|This biography from the Archives of AskART:|
|Of Scottish descent and born in Oxford, England, Hamilton Hamilton became a renowned American landscape and portrait painter and illustrator. He traveled widely, which meant that his landscape subjects included France, England, the American West, and the states of New York and Connecticut where he was one of the founders of the Silvermine Art Guild in Norwalk.|
Hamilton Hamilton emigrated with his family to Cowlesville, New York, a rural community near Buffalo, when he was a child, but he spent most of his life in Connecticut except for a few years around 1910 when he lived in Pasadena, California for his health.
He was largely self-taught and pursued his artistic talents in spite of his parents' lack of encouragement. However, in 1870, they financially supported his travels to Europe including France, where he studied in Paris.
After two years, he was forced to return home to help support his family, which he did by opening a portrait studio in 1872. The next year he made a sketching trip West to Colorado and spent much of the summer and winter there, completing forty-seven paintings, some of them shocking to viewers who perceived an indiscriminate piling on of color, likely influenced by Impressionism. Hamilton Hamilton continued painting in New York State, but his Colorado paintings stood out as being unique and were chosen as entries at the 1876 Centennial Exhibition in Philadelphia.
In 1878-79, Hamilton Hamilton returned to France where he painted in the art community in Pont-Aven, Brittany with painters who identified with the Barbizon School and the revolutionary plein-air method of painting. In 1879, he returned to the West, painting more landscapes.
In 1881, he moved to New York City, and he rented space at Sherwood Studios on West 57th Street where his friends were Thomas Moran, Robert Blum, Winslow Homer, William Merritt Chase and Birge Harrison.
By 1889, he was a full member of the National Academy of Design, and this same year he had twin daughters born. One of them, Helen, trained by her father became a recognized post-impressionist landscape painter.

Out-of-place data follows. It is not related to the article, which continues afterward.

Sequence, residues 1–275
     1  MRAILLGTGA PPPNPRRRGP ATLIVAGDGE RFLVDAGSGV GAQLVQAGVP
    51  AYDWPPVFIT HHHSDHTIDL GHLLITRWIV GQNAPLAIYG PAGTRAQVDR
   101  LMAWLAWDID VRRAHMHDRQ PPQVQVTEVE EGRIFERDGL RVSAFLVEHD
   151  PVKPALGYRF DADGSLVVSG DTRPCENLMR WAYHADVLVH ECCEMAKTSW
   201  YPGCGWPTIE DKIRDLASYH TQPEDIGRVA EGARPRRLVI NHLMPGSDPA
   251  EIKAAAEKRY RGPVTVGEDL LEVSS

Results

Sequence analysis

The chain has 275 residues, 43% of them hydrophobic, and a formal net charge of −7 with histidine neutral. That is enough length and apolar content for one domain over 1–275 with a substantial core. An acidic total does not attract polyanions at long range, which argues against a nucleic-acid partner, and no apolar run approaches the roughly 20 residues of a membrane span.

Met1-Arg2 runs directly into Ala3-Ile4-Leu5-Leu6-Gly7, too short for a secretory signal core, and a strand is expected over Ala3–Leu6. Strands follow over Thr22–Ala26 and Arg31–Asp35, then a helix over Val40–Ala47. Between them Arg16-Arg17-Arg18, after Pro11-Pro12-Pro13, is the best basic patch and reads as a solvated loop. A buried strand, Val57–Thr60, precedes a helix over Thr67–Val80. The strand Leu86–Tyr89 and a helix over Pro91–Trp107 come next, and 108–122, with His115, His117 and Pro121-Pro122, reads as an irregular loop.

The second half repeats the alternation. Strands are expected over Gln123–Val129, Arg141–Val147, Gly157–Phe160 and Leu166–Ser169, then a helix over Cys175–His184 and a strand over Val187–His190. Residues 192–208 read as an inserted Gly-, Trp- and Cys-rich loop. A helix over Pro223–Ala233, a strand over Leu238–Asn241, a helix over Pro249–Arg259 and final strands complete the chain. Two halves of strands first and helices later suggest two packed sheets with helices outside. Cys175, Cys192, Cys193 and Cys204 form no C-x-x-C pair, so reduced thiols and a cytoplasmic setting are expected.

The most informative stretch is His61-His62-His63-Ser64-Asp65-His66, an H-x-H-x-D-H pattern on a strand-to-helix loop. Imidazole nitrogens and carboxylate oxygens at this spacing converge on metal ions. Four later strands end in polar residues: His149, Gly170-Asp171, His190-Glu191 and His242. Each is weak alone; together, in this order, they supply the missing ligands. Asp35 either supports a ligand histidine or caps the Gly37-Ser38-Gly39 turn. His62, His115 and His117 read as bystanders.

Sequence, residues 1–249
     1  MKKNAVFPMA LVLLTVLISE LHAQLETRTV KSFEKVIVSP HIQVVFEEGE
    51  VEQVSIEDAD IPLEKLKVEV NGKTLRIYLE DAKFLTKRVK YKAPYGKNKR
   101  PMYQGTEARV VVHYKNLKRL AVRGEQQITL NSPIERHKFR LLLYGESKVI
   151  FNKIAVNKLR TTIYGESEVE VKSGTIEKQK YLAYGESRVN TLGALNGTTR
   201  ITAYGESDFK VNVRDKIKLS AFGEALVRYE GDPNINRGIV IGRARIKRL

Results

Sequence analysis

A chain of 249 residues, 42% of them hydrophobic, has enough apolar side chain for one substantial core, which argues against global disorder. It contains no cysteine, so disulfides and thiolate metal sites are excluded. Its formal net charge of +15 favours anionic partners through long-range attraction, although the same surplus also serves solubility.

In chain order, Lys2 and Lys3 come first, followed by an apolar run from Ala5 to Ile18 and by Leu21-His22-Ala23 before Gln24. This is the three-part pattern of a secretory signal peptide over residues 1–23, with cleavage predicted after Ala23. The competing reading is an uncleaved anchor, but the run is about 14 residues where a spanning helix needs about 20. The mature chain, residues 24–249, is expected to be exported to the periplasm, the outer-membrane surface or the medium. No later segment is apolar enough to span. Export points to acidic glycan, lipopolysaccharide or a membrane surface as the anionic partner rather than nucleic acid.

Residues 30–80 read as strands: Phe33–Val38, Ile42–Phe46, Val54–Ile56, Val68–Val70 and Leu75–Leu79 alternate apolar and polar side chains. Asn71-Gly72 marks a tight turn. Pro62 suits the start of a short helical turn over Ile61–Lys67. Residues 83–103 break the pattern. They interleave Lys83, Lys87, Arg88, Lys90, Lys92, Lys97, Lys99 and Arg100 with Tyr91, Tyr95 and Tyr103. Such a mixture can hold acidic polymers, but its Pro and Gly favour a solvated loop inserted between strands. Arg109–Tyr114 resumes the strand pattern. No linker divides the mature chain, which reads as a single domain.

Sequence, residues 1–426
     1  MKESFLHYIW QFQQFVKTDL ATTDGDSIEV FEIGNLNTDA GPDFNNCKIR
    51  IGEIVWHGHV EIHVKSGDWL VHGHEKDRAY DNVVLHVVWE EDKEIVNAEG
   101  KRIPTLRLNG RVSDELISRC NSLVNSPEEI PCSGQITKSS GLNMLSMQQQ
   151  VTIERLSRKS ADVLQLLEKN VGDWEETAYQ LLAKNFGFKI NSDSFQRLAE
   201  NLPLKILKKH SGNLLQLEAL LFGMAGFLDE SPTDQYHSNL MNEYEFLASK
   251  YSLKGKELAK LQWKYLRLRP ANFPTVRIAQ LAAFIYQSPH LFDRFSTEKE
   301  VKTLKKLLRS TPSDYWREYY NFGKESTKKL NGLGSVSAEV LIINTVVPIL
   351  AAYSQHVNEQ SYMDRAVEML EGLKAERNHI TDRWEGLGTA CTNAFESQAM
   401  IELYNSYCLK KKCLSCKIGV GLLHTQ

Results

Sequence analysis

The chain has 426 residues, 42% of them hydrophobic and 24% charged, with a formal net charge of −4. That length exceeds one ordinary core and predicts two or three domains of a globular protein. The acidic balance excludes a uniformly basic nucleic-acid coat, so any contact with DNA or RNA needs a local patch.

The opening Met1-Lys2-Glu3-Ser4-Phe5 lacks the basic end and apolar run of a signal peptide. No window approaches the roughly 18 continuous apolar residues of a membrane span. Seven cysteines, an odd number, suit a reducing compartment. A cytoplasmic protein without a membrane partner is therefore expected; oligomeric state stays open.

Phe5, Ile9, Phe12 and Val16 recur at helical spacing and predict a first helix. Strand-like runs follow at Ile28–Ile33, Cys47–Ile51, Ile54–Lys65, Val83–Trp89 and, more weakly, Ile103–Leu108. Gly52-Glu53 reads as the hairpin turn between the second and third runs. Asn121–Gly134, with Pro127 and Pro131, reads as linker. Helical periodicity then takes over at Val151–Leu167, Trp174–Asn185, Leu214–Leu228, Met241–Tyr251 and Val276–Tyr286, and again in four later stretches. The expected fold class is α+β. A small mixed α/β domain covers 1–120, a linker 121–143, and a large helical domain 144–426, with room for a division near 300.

In 1895, Hamilton Hamilton was in England, painting along the Cornish Coast. Returning to New York State, he painted on Long Island and in Peerskill, New York. In the mid-1890s, he became active in the artist colony of Silvermine, a town between Norwalk and New Canaan, Connecticut. Sculptor Solon Borglum was highly active in the leadership there and hosted discussions in his barn studio. Following Borglum's death in 1922, Hamilton became one of the founders of the Silvermine Guild of Artists.
In 1910, Hamilton Hamilton and his family moved for a period to Pasadena, California because of ill health. There his palette lightened, and this influence remained when he returned to Silvermine. He suffered financially in the later years of his life because his style did not conform to increasing taste for modernist work.
Michael David Zellman, "300 Years of American Art"
Peter Falk, "Who Was Who in American Art"
Docent files, Phoenix Art Museum
The following note is from Barbara Lang:
"He used his twin daughters Helen and Marguerite as models. Helen went on to become a post-impressionist painter. On a personal note, I met the two spinsters as a child; they were so otherworldly I'll never forget it."
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|Born in Oxford, England in 1847. Hamilton moved to the U.S. as a child and spent most of his life in Connecticut except for a few years around 1910 when he lived in Pasadena. He died on Jan. 4, 1928 in Norwalk, CT. Member: NA; American WC Society; Century Ass'n. In: Buffalo (NY) FA Academy.|
Edan Hughes, "Artists in California, 1786-1940"
Southern California Artists (Nancy Moure); Dictionnaire des Peintres, Sculpteurs, Dessinateurs, et Graveurs (Bénézit, E); American Art Annual 1907-28; Art Digest, 1-15-1928 (obituary).
|Nearly 20,000 biographies can be found in Artists in California 1786-1940 by Edan Hughes and is available for sale ($150). For a full book description and order information please click here.|
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